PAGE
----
Wise and his neighbors – all relatives who inherited property from their grandparents, Herbert and Florence Burton – have largely avoided drinking water from their on-site wells since they moved there in the early 2000s.

“I have no problem with jobs, but when you start putting jobs before somebody's health, I've got a problem with that,” he said.

A few residents on Herbert Lane, however, have sipped the tap water over the years. The day after the hearing, Wise and his relatives said they worry whether gastrointestinal problems, cancer and even seizures suffered by Wise's pregnant niece may be related to the high level of nitrites and nitrates the EPA found in their drinking water more than a decade ago.

“Since we've been here, it's been nothing but problems with Mountaire,” said Patsy Taylor, who lives two doors down from Wise.

A large case of bottled water always sits near the kitchen, next to a few jugs Taylor said she will use as cooking water. The windows were closed as they always are, she said – both Taylor and Wise said they never let the breeze in because of the smell from the nearby plant.

Each month, a truck rumbles down the dirt lane to deliver three 50-pound bags of salt for the water softener Mountaire supplied Taylor with following the 2003 consent order. Even though she has that, and a filter on her sink, Taylor said she still won't drink from the tap.

“They're talking about hiring people while they're damaging our health,” Taylor said, adding that the spray rigs come so close to Herbert Lane the water often sprays her own lawn and car. “They don't care about our health.”

Mountaire's Selbyville plant, which is about 12 miles south of the Millsboro facility, has faced numerous wastewater-related violations in the past, including a complaint and consent decree in 2015 that resulted in a $48,000 fine, related to wastewater effluent limit violations dating back to 2011.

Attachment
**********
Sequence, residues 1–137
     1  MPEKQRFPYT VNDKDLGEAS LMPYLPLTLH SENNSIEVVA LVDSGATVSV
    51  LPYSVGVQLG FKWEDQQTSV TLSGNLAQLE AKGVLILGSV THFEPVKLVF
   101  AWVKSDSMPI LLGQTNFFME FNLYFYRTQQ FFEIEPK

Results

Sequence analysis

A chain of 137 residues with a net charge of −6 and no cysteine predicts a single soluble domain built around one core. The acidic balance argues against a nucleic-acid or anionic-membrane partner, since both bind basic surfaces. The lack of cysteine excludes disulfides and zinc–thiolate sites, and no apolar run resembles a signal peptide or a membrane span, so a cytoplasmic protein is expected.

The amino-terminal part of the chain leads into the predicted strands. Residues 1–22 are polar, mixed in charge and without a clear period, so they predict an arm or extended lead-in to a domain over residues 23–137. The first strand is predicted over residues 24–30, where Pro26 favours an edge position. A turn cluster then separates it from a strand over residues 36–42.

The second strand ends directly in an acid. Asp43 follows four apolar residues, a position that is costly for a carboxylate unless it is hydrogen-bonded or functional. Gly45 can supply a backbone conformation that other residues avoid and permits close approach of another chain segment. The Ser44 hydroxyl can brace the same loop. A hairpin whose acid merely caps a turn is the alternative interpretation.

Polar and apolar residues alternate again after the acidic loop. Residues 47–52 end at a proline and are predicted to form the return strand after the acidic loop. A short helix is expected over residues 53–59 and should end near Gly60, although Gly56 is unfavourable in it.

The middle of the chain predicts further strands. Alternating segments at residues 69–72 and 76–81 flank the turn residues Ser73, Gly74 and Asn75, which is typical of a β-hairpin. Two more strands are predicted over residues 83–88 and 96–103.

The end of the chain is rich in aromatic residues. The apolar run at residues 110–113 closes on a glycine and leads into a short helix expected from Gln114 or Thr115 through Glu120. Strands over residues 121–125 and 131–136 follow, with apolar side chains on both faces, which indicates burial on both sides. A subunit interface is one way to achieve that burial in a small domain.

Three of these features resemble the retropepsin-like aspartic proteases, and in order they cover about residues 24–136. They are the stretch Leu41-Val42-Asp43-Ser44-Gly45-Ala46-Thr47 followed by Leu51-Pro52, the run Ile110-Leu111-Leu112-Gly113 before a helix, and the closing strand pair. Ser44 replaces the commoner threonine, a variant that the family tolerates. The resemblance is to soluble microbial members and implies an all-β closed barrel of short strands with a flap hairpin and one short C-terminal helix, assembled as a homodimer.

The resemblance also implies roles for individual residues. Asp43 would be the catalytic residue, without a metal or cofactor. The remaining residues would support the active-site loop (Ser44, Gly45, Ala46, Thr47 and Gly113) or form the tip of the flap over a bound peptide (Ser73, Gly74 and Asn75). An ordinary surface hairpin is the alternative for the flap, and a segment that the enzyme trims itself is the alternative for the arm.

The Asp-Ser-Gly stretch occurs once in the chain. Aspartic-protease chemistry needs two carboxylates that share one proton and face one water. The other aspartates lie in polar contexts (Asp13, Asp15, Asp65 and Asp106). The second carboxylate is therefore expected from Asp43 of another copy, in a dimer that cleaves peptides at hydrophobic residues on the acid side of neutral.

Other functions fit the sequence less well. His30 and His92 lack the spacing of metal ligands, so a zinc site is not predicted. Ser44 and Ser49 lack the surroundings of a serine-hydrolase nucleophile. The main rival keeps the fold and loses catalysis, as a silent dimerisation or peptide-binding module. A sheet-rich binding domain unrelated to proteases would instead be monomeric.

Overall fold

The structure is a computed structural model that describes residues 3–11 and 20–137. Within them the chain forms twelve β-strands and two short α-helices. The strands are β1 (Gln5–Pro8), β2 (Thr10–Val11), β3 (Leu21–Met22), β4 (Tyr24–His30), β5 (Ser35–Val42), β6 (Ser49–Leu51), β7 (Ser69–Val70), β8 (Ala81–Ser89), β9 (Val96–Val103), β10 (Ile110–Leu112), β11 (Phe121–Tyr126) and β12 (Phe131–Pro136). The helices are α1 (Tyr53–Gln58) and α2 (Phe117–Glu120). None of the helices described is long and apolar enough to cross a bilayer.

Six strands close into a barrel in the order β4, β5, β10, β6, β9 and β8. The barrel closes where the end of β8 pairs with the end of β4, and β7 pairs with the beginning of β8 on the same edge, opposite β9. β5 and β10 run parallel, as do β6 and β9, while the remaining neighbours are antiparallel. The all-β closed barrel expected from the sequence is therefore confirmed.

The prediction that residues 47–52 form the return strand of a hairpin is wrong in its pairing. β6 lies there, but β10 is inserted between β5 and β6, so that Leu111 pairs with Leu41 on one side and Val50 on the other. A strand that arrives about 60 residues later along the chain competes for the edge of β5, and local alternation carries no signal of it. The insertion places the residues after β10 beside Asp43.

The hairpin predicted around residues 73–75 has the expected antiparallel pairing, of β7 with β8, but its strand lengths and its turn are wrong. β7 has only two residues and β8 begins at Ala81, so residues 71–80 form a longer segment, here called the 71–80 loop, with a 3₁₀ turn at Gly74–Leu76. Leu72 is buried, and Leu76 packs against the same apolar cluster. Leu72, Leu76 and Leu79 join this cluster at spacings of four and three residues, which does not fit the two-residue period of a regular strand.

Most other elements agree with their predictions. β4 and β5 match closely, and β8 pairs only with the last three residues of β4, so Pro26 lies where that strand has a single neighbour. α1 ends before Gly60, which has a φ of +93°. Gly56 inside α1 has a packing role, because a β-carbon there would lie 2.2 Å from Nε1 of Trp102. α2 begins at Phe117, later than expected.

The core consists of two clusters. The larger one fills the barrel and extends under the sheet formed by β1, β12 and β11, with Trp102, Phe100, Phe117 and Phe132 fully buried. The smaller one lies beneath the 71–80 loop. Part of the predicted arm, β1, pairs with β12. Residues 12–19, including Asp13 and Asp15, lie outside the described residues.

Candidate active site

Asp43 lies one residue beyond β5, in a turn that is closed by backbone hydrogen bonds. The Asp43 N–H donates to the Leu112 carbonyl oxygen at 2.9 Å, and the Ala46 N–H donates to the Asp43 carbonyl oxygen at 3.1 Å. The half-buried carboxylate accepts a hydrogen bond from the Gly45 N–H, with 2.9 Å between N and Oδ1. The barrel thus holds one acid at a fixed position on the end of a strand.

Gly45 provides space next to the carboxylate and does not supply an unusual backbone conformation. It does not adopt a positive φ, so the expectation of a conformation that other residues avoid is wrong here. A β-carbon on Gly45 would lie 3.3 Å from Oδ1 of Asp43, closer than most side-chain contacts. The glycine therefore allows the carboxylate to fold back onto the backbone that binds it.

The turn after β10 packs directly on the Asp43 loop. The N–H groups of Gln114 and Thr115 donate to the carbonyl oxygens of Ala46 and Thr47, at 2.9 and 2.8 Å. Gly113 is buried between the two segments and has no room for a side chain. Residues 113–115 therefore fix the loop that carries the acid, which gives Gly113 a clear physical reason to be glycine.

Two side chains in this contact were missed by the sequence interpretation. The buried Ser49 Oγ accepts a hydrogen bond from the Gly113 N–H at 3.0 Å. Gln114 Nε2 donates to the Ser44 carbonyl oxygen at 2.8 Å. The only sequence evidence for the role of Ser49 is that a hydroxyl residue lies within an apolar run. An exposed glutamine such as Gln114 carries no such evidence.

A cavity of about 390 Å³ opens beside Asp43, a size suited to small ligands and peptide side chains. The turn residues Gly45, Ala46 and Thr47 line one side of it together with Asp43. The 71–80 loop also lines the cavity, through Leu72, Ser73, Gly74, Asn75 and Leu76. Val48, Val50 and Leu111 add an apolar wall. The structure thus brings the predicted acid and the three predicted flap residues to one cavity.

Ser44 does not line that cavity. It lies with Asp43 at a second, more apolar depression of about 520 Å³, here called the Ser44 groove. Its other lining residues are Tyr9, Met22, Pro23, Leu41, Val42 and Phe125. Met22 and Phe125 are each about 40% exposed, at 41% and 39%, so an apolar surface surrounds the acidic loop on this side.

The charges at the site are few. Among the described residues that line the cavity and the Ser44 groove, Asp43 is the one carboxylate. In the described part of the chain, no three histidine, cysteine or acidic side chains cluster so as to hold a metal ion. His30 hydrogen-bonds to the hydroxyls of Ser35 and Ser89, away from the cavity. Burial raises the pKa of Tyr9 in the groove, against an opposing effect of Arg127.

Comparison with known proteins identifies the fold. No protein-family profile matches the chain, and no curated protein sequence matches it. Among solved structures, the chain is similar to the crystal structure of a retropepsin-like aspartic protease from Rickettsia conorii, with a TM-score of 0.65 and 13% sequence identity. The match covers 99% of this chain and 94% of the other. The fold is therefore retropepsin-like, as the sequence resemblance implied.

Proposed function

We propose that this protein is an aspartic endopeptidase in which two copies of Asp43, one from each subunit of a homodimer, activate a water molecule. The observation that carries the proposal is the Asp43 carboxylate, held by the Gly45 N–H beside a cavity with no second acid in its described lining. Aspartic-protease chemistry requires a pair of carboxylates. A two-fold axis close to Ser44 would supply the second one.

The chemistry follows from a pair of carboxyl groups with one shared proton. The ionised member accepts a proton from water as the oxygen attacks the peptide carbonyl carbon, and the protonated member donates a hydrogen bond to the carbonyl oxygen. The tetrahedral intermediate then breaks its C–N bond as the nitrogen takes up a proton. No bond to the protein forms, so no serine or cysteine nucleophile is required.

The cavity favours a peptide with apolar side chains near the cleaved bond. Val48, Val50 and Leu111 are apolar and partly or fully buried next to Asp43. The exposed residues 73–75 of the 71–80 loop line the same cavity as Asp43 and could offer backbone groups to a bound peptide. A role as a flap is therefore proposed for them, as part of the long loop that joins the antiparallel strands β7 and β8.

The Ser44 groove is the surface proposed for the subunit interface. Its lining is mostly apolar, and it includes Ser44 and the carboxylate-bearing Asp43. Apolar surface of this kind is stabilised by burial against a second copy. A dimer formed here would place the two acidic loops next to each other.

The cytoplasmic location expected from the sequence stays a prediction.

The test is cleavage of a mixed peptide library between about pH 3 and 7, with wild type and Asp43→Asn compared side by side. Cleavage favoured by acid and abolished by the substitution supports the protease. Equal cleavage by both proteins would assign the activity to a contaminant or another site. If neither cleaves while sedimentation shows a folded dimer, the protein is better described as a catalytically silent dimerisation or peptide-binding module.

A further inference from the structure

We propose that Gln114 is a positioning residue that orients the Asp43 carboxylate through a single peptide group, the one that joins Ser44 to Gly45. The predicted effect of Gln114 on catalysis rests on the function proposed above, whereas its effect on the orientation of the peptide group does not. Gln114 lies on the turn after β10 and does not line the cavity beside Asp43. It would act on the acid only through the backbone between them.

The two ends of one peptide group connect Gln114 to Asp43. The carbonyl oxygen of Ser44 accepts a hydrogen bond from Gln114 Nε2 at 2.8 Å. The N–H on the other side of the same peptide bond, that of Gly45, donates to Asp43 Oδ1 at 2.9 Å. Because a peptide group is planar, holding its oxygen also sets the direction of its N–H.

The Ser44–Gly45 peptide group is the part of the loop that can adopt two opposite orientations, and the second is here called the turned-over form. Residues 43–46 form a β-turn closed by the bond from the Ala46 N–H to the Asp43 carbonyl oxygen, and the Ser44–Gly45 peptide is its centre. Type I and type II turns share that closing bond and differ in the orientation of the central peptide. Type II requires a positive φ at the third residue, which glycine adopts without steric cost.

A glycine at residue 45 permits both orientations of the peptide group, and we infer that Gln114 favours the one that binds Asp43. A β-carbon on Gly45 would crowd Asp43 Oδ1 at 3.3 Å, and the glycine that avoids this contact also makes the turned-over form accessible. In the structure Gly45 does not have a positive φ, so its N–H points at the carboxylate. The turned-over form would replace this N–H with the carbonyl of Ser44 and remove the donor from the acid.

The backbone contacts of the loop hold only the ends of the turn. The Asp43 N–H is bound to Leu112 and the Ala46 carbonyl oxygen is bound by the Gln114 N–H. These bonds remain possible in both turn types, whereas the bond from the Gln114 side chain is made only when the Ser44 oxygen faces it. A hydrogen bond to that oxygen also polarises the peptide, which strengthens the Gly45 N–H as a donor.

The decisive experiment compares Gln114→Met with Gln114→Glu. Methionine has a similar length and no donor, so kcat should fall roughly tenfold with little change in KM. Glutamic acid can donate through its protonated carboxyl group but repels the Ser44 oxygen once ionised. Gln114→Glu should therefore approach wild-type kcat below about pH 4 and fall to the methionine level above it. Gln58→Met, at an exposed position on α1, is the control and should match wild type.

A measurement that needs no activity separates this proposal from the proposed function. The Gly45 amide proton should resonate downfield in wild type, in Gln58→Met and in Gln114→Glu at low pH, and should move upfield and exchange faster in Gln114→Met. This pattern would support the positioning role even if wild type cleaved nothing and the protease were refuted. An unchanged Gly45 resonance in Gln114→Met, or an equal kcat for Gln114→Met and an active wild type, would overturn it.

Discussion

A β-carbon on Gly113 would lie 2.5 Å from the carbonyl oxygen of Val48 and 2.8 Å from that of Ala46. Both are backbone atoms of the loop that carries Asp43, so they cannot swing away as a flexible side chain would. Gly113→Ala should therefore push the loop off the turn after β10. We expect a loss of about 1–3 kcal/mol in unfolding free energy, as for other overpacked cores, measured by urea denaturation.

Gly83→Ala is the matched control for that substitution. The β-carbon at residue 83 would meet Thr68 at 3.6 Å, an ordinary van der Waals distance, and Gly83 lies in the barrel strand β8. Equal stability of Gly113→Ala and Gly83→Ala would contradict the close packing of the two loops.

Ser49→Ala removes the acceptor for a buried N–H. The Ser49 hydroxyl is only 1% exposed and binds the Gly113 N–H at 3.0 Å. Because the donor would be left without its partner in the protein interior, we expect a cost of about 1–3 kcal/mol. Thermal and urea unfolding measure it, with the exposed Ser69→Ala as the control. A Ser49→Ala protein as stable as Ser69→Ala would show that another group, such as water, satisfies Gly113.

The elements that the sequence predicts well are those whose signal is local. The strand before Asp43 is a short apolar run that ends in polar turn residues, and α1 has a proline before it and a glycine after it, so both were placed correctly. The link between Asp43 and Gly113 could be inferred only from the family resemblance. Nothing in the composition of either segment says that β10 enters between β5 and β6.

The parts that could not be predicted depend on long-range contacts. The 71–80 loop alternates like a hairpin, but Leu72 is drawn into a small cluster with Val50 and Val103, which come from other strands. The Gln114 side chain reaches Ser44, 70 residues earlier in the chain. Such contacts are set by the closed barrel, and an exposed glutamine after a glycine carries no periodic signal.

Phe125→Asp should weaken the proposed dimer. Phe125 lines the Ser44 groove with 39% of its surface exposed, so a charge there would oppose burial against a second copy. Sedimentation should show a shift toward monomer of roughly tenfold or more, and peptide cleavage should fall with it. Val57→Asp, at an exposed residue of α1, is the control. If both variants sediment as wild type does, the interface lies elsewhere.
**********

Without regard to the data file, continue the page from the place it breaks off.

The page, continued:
Meanwhile, the Millsboro plant was cited for excess ammonia emissions in 2012 and for installing an emergency generator without a permit in 2016.

Because the proposed expansion will require running the boilers more often, company officials expect air emissions will increase.

The Coastal Zone Act requires Mountaire to offset any additional pollution created by the expanded manufacturing activities.

In 2009, the plant converted two boilers from oil to natural gas in an effort to reduce air pollution. The conversion earned the company over 40 tons per year worth of reserve credits, which can now be applied. The proposed expansion is expected to add three tons per year of air emissions from burning natural gas; the company will use 3.9 tons from its 41-ton reserve.

Mountaire currently emits more than 145 tons per year, data included in the permit show.

Mike Teichman, an attorney with Parkowski, Guerke & Swayze representing Mountaire at the hearing, also emphasized the expected economic impacts of the expansion. The project is expected to create 177 new jobs at the plant, and employ about 150 people during construction, he said.

To comment on Mountaire's application, email Kevin Coyle at or Robert Haynes at


Editor’s note: Patsy Taylor’s name has been corrected in this article.